Smart employers have well-developed and organized hiring and promotion processes. Not only do they have them, they follow them carefully.
That’s critical because when people don’t get jobs they want, they often suspect discrimination. And then they sue, whether they have a good case or not.
You can stop those lawsuits fast by sticking with your equitable, consistent process. Courts will almost always look at the selection process and conclude it was fair and nondiscriminatory. That means fewer frivolous claims will end in a successful lawsuit.
Recent case: Gerdau Ameristeel employee Joseph Straszheim, who identifies himself as American, lost out on a promotion to another co-worker who he believed was not an American. He sued, alleging national-origin discrimination.
But Gerdau Ameristeel explained to the court exactly how it chose the candidate. It had an extensive selection process that began with posting job openings in a readily accessible location, followed by testing and interviews.
In Straszheim’s case, he learned about the job after reading a notice on the bulletin board that read “Anyone interested in bidding on this job should complete a Job Bid form and place it in one of the Job Bid Boxes by 4:00 p.m. on Thursday, 3/22/07.”
Straszheim was one of three candidates. They all took a written test, and Straszheim scored the highest. The next step was a panel interview, which asked all three candidates exactly the same questions. Each panel member then scored the candidates separately based on job-related knowledge, communications skills and initiative.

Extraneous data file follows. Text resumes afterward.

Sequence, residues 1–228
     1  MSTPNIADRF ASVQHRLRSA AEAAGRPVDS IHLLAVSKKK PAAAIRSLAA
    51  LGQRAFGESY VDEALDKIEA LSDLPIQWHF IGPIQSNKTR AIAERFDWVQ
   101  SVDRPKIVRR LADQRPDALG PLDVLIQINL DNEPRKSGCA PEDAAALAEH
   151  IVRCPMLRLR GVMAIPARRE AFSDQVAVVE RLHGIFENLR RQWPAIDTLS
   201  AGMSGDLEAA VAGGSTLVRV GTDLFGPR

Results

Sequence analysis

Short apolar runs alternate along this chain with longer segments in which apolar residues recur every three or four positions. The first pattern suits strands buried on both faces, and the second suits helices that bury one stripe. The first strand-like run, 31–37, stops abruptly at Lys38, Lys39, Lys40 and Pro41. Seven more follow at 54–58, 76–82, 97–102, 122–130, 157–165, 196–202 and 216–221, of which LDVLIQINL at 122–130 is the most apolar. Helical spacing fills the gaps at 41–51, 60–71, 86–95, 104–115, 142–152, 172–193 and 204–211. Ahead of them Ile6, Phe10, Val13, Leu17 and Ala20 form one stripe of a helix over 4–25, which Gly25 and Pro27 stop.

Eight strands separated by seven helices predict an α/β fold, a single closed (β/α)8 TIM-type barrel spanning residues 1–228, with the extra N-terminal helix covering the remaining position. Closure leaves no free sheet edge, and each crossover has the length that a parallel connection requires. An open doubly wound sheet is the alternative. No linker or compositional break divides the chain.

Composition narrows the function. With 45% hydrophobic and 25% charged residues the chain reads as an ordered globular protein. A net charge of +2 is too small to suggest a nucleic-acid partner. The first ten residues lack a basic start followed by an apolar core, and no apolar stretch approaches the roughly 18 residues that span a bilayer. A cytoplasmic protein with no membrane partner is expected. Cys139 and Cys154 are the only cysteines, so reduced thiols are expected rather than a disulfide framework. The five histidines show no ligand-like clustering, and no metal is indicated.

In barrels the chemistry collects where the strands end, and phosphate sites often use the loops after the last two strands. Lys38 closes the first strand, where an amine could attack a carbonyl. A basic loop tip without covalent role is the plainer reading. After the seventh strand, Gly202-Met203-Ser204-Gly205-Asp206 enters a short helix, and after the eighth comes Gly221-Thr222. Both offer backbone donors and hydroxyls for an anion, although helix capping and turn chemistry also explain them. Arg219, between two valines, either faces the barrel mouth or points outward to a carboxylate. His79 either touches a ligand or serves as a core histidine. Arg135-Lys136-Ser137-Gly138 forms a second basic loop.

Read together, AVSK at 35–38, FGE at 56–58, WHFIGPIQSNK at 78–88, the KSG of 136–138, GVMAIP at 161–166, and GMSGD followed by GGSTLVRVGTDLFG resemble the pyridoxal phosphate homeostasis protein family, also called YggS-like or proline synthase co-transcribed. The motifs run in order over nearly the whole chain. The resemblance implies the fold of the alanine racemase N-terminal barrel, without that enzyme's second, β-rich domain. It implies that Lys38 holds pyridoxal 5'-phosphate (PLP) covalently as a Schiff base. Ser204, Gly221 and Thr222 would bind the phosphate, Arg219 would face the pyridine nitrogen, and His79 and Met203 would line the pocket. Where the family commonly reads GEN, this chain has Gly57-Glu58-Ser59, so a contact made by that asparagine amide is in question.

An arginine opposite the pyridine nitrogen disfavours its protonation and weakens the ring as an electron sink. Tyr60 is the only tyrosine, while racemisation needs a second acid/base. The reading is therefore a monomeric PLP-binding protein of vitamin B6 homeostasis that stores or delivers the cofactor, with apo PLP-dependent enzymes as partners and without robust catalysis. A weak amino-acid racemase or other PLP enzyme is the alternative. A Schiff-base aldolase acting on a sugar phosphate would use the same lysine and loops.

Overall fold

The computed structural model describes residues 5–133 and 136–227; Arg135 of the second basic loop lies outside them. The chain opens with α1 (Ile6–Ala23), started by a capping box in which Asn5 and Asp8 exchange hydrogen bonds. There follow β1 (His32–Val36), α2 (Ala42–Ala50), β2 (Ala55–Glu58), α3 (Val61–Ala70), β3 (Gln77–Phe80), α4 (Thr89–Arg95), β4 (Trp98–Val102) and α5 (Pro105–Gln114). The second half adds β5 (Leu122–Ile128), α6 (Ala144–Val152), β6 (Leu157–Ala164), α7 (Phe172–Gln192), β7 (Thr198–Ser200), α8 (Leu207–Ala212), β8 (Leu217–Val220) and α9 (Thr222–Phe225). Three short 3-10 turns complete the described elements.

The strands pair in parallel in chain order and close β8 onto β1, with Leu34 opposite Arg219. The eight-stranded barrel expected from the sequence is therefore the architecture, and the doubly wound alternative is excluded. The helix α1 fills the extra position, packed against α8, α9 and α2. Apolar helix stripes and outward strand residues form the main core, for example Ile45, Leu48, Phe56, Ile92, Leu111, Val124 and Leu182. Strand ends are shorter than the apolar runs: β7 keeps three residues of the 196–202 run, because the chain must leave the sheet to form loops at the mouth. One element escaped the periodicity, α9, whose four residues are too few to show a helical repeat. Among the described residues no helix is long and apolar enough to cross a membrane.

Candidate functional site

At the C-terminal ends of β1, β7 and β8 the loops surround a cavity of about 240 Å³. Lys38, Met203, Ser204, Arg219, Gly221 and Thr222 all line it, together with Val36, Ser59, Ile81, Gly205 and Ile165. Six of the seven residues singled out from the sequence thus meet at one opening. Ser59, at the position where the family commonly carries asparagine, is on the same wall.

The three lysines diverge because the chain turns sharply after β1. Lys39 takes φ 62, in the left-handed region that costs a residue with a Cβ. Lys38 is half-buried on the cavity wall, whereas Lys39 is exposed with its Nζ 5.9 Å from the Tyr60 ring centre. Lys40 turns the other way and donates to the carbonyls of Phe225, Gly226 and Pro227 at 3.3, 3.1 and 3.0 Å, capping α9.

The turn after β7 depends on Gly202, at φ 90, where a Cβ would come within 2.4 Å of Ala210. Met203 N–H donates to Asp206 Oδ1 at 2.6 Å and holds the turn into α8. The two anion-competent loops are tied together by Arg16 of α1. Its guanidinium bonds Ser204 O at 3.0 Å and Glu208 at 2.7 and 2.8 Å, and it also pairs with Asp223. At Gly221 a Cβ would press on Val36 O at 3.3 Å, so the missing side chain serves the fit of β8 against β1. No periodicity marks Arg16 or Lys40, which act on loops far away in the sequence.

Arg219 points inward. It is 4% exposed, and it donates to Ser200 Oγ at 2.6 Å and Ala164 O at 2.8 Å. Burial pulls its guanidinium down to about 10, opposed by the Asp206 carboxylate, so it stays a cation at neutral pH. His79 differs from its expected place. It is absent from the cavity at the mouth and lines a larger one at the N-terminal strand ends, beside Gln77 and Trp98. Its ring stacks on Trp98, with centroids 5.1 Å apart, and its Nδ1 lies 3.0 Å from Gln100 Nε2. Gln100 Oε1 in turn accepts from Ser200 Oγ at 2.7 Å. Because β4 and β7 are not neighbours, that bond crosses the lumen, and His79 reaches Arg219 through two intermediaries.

The scoring system ranked each candidate on each characteristic using three ratings: below expectations, meets expectations or exceeds expectations. Each of those factors were then assigned a numeric equivalent.
Straszheim apparently did poorly on some of the competence questions, and some of the panel members’ notes said he answered some questions incorrectly.
All the information was then sent to the HR office, which tallied the scores and ranked the three candidates. Straszheim scored last and the promotion went to the highest-scoring candidate.
Straszheim sued, alleging national-origin discrimination. He alleged that the chosen candidate was born in Portugal and was therefore not of American national origin and that Straszheim had been passed over because he was American.
The court tossed out his lawsuit. It pointed out that there was nothing in the promotion process that pointed to any possible bias. Plus, the panel members were all American and testified that they didn’t know anything about any of the candidates’ ethnic or national-origin backgrounds. (Straszheim v. Gerdau Ameristeel, No. 3:08-CV-602, WD NC, 2010)
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